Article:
By Victor Emeruwa
Nigerian politicians always have ready-made answers to the question of poor infrastructure: ‘no money’, ‘we need more money’. Those cliches indicate an end of discussion which forecloses any need for further interrogation on the matter.
Public works is a big deal, at least in Abuja; the capital of Africa’s largest economy. The city is undergoing massive; albeit sluggish makeover. Construction giants scramble for the big contracts, while small; mostly indigenous companies are hired to fix the inner; less complex roads.
The bulk of Nigeria’s paltry ($25Billion) annual budget is found in infrastructure projects however huge bureaucracy is locked in it.
From project conception to execution, the process is clumsy and corrupt with under-table demands that knocks off potential start up contractors, which is why only the multinationals and companies with political connections get the construction jobs.
“Tough rules and routine is the very reasons for lack of transparency and corruption in the public procurement process,” said Oluseun Onigbinde, a public data analyst and Chief Executive Office of BudgIT. Onigbinde’s Traka project is a bank of poorly executed projects, outrightly abandoned projects and never existing projects padded into the budget.
The lack of agile and open public procurement reform, account for non-execution of about 11,886 federal projects, (in 40years) according to Africa Diaspora Research. The report claims Nigeria has spent $5billion on Ajaokuta Steel Company that should have cost $650milion. The project was touted to herald Nigeria’s industrial revolution but has become a white elephant project.
Just last year the Nigerian Senate approved a bill to fund the completion of Ajaokuta steel with additional $1billion to be drawn from the bleeding Excess Crude Account, without calling for probe of more than $5billion already spent on the project. “We will never get it right if we continue to throw public funds at projects without calling for accountability” said Bongo Adi, a Lagos Business School, professor of Economics.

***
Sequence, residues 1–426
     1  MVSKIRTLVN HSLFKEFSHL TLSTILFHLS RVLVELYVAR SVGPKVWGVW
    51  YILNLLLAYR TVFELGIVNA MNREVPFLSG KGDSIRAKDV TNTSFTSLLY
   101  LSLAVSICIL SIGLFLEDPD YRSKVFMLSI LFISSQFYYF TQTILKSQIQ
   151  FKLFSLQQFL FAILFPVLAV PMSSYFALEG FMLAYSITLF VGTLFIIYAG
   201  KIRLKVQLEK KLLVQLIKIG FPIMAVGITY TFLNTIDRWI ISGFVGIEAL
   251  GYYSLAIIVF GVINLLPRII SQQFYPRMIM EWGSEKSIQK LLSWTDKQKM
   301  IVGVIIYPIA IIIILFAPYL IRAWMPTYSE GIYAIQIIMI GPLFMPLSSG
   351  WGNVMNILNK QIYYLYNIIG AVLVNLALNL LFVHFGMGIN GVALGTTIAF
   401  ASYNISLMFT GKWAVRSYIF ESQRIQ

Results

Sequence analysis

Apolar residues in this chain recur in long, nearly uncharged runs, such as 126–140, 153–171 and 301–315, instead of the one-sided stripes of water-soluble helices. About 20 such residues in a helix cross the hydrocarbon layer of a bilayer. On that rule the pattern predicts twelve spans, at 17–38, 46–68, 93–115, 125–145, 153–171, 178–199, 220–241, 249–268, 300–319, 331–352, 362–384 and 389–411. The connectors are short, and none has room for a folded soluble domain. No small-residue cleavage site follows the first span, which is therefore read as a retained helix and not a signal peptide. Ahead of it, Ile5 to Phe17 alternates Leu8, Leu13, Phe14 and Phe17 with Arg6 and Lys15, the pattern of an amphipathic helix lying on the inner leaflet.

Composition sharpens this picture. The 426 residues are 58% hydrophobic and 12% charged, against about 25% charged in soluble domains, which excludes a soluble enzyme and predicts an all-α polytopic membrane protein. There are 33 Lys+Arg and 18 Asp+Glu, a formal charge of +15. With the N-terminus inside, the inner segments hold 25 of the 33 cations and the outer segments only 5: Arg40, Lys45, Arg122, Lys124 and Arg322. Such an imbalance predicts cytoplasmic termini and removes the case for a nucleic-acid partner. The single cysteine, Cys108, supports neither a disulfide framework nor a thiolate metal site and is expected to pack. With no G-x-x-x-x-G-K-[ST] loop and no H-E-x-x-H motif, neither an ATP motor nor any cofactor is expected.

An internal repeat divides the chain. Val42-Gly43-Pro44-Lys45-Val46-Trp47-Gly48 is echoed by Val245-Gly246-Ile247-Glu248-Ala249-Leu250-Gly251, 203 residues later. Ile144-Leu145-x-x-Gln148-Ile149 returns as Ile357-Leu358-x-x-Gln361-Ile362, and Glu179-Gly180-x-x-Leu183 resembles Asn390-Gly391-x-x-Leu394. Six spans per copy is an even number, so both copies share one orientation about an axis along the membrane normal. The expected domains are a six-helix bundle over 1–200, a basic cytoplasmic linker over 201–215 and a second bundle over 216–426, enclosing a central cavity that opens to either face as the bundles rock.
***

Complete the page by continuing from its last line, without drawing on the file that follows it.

The length of project completion time is a drawback on quality, some projects that should take about six months to complete is stretched into seven to 10years. Professor Adi thinks the government is dodgy about engaging public–private partnership option because of the unwillingness to be transparent.
Vice President Yemi Osinbajo is considered as the cerebral brain box of the government. He, too has made public claims of how massively his government is spending on infrastructure, he insists that the present government has poured in more funds into projects than the last 16 years of the opposition People’s Democratic Party.
According to Osinbajo, more than 900Billion Naira (approximately $2.5Billion) have gone into improving electricity; though the details of the spending is sketchy. Does it include personnel cost, contracts or procurement? It’s not clear how the money was spent but electricity has remained in the fluctuating range of 3,000 to 5,000 megawatts and more Nigerians have had to rely on their petrol powered generators than ever.
So, far 12Trillion Naira (approximately $33.2Billion) has been borrowed in four years for infrastructure, doubling the pre-2015 external debt profile of 12Trillion Naira. There is no published document to itemise the specific projects covered under the borrowing.
For a population of about 200Million people caught in extreme poverty, President Muhammadu Buhari was expected to hit the track with speed after been declared winner of a hard- fought controversial second term in office.
Mr. Buhari has been criticized for his penchant for slowing government business by his lackluster style and demand for patience and more patience to enable him perform. Nigeria requires no patience to get the 20.9Million jobless population back to work.
The sign posts on construction sites are beaten by the wind, dusty and rusty from prolonged projects. It has remained so as drop of public meager funds are lost in bureaucracy, mismanagement and mindless corruption.